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Experimental study of flow boiling in porous media: dryout and critical heat flux

​Ange Gourbil has defended his thesis on 29th June 2017 in Toulouse.

Document type > *Mémoire/HDR/Thesis

Keywords >

Research Unit > IRSN/PSN-RES/SAG/LEPC

Authors > GOURBIL Ange

Publication Date > 29/06/2017

Summary

This work is motivated by the need to better understand the phenomena occurring while some water is injected into a heated porous debris bed. This reflooding operation is a part of the planned mitigation procedure used during a Loss Of Coolant Accident (LOCA) that may occur into a nuclear power plant and results into a severe core damage. Our experimental study aims to characterize the boiling crisis that can happen in a boiling flow taking place within a heatgenerating model porous medium. The test section is a two-dimensional model porous medium, composed of an array of 276 cylinders placed between two ceramic plates spaced from one another by 3 mm, one of which is transparent and allows visualizations of the flow. The 2 mm diameter cylinders are Pt100 resistance temperature detectors that perform a dual function: they act as heating elements (heated by Joule effect) and are also used as temperature probes. A fluid loop allows controlling the liquid injection flow rate, its inlet temperature as well as its pressure. The test section is held vertically, the liquid injected from bottom at a temperature close to the saturation temperature.


In a first series of experiments, the thermal power applied to a bundle of heating cylinders is progressively increased until a dry zone is detected in the porous medium. Two kinds of phenomenology are observed during these “dryout experiments”. First, at low liquid injection rate (4 kg.m^-2.s^-1 maximum mass flux), reaching the dryout power results into a liquid front receding down to the upper limit of the heated zone, while downstream the heated zone, the porous medium is vapour-saturated. Second, at higher flow rate, the boiling crisis happens at the surface of a single heating element, resulting in a local film boiling, whereas a two-phase flow still go through the whole test section. High-speed visualizations allow characterizing the flow regimes.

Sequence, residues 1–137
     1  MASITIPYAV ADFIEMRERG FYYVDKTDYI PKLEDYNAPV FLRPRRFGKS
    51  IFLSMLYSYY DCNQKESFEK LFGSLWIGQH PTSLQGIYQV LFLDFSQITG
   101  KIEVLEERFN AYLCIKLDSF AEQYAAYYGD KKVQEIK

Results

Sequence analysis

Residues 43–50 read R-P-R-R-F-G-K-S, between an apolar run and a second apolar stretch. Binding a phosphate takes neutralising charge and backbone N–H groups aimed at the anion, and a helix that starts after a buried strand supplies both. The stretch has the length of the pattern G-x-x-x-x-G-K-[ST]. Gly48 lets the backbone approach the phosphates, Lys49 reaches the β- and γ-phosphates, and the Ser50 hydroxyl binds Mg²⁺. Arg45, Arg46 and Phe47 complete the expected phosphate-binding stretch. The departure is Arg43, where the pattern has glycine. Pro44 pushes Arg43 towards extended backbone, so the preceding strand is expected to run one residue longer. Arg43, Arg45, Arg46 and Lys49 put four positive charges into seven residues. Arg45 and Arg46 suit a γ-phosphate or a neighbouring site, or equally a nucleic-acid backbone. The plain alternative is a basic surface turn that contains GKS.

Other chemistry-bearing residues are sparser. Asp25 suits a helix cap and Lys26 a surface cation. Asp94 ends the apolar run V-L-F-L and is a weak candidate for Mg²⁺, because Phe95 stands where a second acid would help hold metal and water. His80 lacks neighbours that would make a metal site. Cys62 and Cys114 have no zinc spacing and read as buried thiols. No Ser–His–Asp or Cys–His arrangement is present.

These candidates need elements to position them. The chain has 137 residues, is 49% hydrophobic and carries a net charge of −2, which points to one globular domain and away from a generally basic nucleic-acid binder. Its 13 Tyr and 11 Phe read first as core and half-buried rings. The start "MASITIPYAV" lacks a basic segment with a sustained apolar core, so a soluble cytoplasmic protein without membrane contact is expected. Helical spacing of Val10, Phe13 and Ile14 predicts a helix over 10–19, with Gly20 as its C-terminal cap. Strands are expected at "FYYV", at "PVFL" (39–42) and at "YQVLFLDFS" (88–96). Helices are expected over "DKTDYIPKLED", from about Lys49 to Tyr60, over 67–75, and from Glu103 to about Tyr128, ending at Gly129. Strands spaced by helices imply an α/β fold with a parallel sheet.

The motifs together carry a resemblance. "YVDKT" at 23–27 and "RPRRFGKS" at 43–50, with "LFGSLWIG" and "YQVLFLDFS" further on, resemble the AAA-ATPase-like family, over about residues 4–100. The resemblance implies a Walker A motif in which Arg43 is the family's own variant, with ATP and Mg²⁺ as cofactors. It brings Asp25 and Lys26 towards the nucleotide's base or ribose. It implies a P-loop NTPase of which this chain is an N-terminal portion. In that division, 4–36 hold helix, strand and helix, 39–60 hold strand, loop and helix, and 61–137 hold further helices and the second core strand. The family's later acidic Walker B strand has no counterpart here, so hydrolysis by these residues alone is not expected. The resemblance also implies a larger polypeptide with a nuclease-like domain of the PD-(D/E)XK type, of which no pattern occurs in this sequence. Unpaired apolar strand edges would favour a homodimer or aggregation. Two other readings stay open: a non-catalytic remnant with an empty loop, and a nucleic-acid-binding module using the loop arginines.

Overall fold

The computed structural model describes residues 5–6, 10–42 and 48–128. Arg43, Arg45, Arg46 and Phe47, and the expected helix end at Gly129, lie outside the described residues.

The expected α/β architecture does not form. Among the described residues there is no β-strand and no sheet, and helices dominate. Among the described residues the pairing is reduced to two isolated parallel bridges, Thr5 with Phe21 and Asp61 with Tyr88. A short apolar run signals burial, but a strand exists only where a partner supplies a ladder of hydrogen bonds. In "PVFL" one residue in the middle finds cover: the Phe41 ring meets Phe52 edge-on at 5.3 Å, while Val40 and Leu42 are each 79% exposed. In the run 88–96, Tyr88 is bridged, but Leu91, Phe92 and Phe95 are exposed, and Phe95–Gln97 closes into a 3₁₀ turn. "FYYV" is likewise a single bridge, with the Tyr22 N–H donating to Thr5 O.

Other experiments focus on determining the local critical heat flux on a given cylinder, for different upstream flow configurations. The inlet liquid flow rate is fixed. A thermal power is uniformly applied to a line of heating cylinders, upstream the cylinder under study. Results show that the local critical heat flux decreases as the power applied to the heated line increases. The distance from the cylinder under study to the heated line seems not to have a significant effect on the critical heat flux. Visualizations are used to characterize the two-phase flow upstream the heated line, aiming at expressing the critical heat flux as a function of the hydrodynamic parameters (saturations, phase velocities).


The image analysis is particularly challenging. In order to calibrate the image processing parameters, we use a second model porous medium with the same geometry as the heat generating one, but where an isothermal two-phase flow is obtained by injecting gas into the liquid flow rather than generated by boiling. The gas injection flow rate is controlled and measured. Isothermal two-phase flow visualizations provide a reference case and are compared to flow boiling visualizations.

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